Press Releases

“I voted today in the Senate Intelligence Committee to confirm General Michael Hayden as Director of the CIA. I cast this vote first and foremost because General Hayden is a skilled, experienced intelligence professional whom I respect and trust.

Since September 11, 2001, the CIA has been an Agency in turmoil. Following its failure, along with other intelligence agencies, to prevent the attacks of 9/11, the CIA was dead wrong in its assessments of Iraq’s weapons of mass destruction. The pace of operations in the war on terror has challenged the Agency’s workforce. The departure of perhaps two dozen senior officials from the Directorate of Operations in the past two years will cause irreparable harm to the Agency’s leadership.

I believe General Hayden is the leader and honest broker the CIA needs to regain its footing as the world’s premier spy service and the hub of our nation’s intelligence analysis and research and development capabilities. His commitment to place intelligence professionals in the major executive positions, unlike his predecessor, is important to me, and will be welcomed by the CIA workforce.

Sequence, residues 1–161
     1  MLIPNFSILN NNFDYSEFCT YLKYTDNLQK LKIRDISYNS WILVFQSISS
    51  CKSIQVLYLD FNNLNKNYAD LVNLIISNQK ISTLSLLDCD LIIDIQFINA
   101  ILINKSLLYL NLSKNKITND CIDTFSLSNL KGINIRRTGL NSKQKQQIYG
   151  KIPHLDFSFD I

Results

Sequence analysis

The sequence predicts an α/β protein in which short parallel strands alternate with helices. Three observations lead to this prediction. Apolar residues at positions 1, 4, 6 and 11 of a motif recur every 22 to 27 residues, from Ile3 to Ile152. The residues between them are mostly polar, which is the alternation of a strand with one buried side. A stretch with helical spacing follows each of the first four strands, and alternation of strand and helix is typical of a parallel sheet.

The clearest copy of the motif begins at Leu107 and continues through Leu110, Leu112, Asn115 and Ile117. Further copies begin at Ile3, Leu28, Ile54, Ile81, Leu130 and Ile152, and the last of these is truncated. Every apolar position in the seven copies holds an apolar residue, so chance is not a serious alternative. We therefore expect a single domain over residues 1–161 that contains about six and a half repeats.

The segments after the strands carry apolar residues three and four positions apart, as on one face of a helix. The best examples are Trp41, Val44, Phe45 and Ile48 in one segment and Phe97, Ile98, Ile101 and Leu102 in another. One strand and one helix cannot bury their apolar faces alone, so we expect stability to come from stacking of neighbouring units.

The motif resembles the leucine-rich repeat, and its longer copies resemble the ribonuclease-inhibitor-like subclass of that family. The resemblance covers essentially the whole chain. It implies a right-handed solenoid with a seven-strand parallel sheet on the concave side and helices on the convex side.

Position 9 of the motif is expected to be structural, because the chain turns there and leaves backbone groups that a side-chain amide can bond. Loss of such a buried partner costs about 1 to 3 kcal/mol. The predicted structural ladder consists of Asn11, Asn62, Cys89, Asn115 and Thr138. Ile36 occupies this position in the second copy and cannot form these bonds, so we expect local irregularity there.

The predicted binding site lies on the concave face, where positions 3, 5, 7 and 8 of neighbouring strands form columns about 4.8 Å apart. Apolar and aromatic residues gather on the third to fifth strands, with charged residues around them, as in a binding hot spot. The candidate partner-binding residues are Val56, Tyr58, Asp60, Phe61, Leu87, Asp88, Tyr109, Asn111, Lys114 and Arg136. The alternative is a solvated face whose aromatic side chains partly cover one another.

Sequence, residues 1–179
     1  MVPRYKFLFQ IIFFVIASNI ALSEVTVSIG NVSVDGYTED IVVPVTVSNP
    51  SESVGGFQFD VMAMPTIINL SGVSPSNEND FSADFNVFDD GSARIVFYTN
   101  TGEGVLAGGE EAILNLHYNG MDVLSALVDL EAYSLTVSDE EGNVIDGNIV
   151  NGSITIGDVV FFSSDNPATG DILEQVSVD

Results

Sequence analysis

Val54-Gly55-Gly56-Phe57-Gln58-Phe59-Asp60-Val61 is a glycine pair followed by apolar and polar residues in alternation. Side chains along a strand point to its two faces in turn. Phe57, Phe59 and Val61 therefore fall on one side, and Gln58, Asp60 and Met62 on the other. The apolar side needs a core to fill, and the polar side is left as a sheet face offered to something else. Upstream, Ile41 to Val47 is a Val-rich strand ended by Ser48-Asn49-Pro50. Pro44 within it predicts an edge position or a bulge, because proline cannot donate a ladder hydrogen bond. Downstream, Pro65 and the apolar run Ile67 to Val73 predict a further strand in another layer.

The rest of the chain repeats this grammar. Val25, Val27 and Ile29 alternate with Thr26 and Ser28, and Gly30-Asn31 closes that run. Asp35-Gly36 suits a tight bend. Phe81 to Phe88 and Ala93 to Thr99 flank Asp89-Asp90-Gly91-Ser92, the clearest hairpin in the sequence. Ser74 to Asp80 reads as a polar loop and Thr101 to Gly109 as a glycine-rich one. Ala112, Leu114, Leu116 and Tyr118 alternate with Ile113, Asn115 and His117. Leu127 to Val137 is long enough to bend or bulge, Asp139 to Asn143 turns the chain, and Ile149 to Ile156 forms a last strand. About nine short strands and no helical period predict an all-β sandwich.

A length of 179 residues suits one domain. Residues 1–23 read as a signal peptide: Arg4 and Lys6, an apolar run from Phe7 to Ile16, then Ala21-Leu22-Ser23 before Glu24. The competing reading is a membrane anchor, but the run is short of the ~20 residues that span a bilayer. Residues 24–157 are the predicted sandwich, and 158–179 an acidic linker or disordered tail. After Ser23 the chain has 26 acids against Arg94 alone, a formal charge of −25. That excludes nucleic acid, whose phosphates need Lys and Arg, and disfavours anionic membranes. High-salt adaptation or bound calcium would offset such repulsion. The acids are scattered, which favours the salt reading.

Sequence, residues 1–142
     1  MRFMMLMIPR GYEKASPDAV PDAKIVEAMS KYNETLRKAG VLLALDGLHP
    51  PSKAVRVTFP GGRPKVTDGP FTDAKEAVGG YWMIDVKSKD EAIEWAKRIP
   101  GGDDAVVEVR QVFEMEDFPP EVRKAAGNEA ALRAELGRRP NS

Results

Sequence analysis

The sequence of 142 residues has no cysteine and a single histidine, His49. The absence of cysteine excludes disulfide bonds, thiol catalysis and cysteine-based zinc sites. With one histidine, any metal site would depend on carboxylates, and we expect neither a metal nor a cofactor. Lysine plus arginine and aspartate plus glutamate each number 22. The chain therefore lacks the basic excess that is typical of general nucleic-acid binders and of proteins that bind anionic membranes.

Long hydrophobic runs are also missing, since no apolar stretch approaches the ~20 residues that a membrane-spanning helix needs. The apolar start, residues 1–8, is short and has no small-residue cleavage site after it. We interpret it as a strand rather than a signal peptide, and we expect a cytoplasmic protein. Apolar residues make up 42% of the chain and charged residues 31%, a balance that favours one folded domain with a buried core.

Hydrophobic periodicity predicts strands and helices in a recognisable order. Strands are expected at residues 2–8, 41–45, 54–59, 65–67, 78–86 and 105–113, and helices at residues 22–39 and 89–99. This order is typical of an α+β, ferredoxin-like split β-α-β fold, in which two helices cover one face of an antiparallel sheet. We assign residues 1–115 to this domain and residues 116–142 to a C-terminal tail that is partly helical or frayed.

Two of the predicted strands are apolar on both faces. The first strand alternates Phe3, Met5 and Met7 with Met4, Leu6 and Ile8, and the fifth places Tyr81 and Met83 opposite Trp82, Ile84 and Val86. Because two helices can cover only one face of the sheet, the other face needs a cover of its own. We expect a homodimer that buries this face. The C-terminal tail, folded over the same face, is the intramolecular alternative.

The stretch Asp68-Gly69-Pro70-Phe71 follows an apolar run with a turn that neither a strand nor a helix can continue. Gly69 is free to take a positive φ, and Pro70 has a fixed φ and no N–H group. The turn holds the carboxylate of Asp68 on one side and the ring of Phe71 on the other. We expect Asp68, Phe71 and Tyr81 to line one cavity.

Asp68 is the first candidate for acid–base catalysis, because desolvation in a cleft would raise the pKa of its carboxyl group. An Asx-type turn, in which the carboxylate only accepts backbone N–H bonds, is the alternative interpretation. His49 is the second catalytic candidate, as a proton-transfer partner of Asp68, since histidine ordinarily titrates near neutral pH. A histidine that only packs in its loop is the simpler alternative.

General Hayden’s vision for the CIA is, I believe, the right one. He has pledged to push the envelope in collecting human intelligence – a risky but necessary move to understand our enemies and the threats we face. At the same time, Hayden understands the failures of analysis prior to the Iraq War and is committed to demanding improvements.

Before my meeting with General Hayden and his appearance at the confirmation hearings, I was concerned that he will not be sufficiently independent of the Department of Defense. On this point, I have been reassured. General Hayden has shown his independence in the past and I am confident that he will continue to do so. I hope that if General Hayden finds that his uniform gets in the way of his ability to lead the CIA, he will take it off.

I was disappointed that General Hayden was not more forthcoming in the open confirmation hearing on the NSA warrantless domestic surveillance program and on his own views on detention, interrogation and rendition policies. The American people are appropriately concerned about both issues and deserved more forthcoming answers. I felt that General Hayden should have stated clearly, in full public view, whether he believes that certain interrogation techniques constitute torture.”